Personifying my body
I had a thought not so long ago. I wondered if my body was capable of speaking, if she would forgive me. This may sound like a strange notion, but I found it very helpful to think of my body as a separate entity from myself and my conscious mind. This thought made it much easier for me to be gentle, loving and forgiving with myself. I realized sadly, that it is often much easier to be kind and forgiving to another person than it is to be kind and loving to ourselves. I also found a sense of guilt for putting my body through the rigors of an eating disorder. Afterall, what did my poor loyal body ever do to deserve such awful treatment? The answer is absolutely nothing! This is also true for you; your sweet body never did anything to deserve the harsh treatment and wrath you have placed on it. You can seek out for help now, consider this Monte Nido eating disorder treatment program for all genders in Eugene.
Setting attainable and realistic goals
When I took the big step to give up smoking, I called my dad (a former smoker) and asked him for his advice. He said something that helped me immensely, “Don’t say that you will never have a cigarette again! Instead, promise yourself that today you will not have a cigarette.” This same intelligent logic can be applied to making a recovery from an eating disorder as well. I have found that planning on making a permanent recovery is a daunting task. But committing myself and my mind to today, is not nearly as difficult. Fr help setting yourself goals get in touch with the ClarityClinic.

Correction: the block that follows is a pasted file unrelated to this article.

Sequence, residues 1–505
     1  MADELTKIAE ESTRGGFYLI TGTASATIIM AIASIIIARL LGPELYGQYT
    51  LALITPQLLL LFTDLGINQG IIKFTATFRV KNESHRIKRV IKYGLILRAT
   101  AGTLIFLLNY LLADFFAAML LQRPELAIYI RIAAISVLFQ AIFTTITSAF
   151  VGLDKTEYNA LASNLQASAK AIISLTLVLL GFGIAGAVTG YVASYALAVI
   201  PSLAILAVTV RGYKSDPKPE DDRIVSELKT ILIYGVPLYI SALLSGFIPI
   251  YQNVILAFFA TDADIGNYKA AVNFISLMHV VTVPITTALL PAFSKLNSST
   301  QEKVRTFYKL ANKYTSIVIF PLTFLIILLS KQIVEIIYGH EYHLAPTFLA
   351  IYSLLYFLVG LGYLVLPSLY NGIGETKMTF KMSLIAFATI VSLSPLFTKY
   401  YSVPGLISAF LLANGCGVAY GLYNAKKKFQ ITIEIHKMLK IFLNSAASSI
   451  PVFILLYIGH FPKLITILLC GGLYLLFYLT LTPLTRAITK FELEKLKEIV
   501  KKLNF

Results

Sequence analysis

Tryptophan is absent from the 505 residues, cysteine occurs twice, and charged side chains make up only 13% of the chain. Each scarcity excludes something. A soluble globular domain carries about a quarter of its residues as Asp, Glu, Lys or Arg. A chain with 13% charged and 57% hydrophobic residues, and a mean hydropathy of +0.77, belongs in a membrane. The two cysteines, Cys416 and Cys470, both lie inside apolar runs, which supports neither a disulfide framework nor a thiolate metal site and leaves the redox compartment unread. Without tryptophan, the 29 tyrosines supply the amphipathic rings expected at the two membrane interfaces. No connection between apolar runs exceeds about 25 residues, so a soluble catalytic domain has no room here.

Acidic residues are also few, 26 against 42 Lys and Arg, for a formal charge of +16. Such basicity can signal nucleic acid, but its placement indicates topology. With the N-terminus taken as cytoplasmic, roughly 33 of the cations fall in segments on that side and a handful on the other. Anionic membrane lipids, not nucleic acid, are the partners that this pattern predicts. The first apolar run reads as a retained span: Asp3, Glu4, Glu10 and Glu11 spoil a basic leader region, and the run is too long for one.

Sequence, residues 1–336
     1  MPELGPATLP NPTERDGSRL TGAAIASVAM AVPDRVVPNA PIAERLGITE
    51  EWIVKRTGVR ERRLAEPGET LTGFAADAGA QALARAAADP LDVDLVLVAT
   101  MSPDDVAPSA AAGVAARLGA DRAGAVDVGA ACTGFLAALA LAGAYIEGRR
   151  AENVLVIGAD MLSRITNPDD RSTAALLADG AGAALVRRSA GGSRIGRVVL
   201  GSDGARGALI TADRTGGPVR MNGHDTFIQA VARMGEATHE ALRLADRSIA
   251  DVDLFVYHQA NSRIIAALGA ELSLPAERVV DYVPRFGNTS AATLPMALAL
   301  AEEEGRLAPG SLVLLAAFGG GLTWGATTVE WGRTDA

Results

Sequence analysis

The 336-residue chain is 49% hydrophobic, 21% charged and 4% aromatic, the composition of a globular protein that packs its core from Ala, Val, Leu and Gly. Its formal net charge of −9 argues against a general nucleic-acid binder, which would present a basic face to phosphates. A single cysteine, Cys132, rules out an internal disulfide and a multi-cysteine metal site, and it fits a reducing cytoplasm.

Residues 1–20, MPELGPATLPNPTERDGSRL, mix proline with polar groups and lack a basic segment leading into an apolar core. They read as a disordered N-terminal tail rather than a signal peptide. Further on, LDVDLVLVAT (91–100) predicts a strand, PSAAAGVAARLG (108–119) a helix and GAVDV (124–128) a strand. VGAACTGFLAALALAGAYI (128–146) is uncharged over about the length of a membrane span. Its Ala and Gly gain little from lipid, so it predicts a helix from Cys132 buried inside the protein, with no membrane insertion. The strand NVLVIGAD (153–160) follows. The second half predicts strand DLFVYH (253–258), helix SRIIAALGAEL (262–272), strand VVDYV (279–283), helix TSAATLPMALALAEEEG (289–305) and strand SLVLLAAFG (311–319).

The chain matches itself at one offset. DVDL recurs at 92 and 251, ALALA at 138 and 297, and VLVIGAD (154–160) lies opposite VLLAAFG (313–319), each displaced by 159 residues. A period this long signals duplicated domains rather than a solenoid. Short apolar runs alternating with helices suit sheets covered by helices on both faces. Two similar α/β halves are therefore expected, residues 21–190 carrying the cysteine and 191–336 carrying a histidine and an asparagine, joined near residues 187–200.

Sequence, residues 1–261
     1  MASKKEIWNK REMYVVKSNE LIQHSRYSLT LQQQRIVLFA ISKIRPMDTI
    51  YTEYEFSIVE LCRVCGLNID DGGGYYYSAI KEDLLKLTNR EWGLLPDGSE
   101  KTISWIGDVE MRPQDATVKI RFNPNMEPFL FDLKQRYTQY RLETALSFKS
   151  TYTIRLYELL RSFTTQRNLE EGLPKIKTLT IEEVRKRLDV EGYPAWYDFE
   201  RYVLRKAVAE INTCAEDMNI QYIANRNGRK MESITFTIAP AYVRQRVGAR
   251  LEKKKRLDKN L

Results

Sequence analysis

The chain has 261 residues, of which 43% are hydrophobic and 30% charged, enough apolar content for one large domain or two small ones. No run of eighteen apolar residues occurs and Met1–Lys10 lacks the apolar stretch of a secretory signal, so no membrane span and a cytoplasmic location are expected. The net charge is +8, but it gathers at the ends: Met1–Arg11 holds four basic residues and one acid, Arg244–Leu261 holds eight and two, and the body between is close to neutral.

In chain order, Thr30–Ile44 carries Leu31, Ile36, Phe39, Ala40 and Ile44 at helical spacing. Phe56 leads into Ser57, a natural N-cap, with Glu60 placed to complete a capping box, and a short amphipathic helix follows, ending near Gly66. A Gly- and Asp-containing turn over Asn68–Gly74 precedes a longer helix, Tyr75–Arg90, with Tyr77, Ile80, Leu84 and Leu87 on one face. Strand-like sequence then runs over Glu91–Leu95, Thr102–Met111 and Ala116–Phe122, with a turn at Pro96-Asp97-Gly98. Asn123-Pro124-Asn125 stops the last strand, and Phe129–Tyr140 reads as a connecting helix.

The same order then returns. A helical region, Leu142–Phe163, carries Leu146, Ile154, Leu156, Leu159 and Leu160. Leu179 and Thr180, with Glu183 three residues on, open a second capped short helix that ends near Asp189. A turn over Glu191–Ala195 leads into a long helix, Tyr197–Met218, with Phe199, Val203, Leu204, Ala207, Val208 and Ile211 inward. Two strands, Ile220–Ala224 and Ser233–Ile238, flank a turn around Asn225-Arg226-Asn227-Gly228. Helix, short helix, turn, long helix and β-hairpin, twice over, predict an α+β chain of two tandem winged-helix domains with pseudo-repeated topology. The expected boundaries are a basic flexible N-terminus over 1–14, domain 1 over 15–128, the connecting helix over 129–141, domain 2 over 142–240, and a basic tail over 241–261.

Considering that healing is political
One of my greatest motivations to disassociate myself from my eating disorder came when I thought of my great purpose in life which I believe is to be an inspiration to many future generations of strong young women. I asked myself “how can I be an inspiration and example of what it means to be strong and confident if I am over here trying to starve myself into an early grave?” There is a beautiful poem by Sierra DeMulder called “Ana” that I would invite anyone struggling with eating disorders to read. In this poem she asks the mothers of Hollywood’s Red Carpet, how they will teach their daughters to love their bodies if they are busy wringing out their own body? This line struck me like a lightning bolt and I thought, “If I am going to set out to change the world, I can’t do that on an empty stomach.”
Remembering that “Fat” and “Skinny” are neither insults or compliments
For a long time, I was afraid to take the path to recovery because of my own childhood fears that developed through my own struggle with obesity. I had learned to associate the term “fat” as the greatest insult one could receive and the term “skinny” to be the greatest compliment. But I see things differently now, “fat” and “skinny” are nothing more than observations of the physical, there is no value attached to either term. This deflated my fear of fatness and I was able to take these terms as what they are, deriving no loathing from one or respect for the other. This allows for an improved perspective that allows me to keep sight of my true goals of being happy and healthy.
Picturing myself as a child
My instructor gave me this helpful exercise to apply when I am feeling angry with myself. She told me to think back of my childhood and ask what brought me joy and feelings of excitement. I thought back to the little girl I once was dressed up in neon-lime-green chasing fireflies around the backyard. It is important to remember that essentially, I am still that little girl deep inside. When I feel tempted to fall back into my old habits, I think of what kind of life I would give to that little girl, the kind of life I believe she deserves. Then I remember that I am still that little girl and the only things that have changed are external. Doing this makes it much easier to treat myself with kindness and softness that I would apply to my younger self given the opportunity.